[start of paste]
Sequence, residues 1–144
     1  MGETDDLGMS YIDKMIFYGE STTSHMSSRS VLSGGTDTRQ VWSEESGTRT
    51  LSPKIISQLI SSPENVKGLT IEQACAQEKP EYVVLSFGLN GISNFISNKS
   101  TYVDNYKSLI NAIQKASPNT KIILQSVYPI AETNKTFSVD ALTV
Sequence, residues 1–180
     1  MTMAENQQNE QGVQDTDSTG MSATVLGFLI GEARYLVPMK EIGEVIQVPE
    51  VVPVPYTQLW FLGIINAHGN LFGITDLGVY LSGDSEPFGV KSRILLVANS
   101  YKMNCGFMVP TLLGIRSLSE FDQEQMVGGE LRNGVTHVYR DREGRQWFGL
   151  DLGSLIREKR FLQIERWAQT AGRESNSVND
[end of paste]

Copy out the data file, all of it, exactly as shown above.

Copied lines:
Sequence, residues 1–144
     1  MGETDDLGMS YIDKMIFYGE STTSHMSSRS VLSGGTDTRQ VWSEESGTRT
    51  LSPKIISQLI SSPENVKGLT IEQACAQEKP EYVVLSFGLN GISNFISNKS
   101  TYVDNYKSLI NAIQKASPNT KIILQSVYPI AETNKTFSVD ALTV
Sequence, residues 1–180
     1  MTMAENQQNE QGVQDTDSTG MSATVLGFLI GEARYLVPMK EIGEVIQVPE
    51  VVPVPYTQLW FLGIINAHGN LFGITDLGVY LSGDSEPFGV KSRILLVANS
   101  YKMNCGFMVP TLLGIRSLSE FDQEQMVGGE LRNGVTHVYR DREGRQWFGL
   151  DLGSLIREKR FLQIERWAQT AGRESNSVND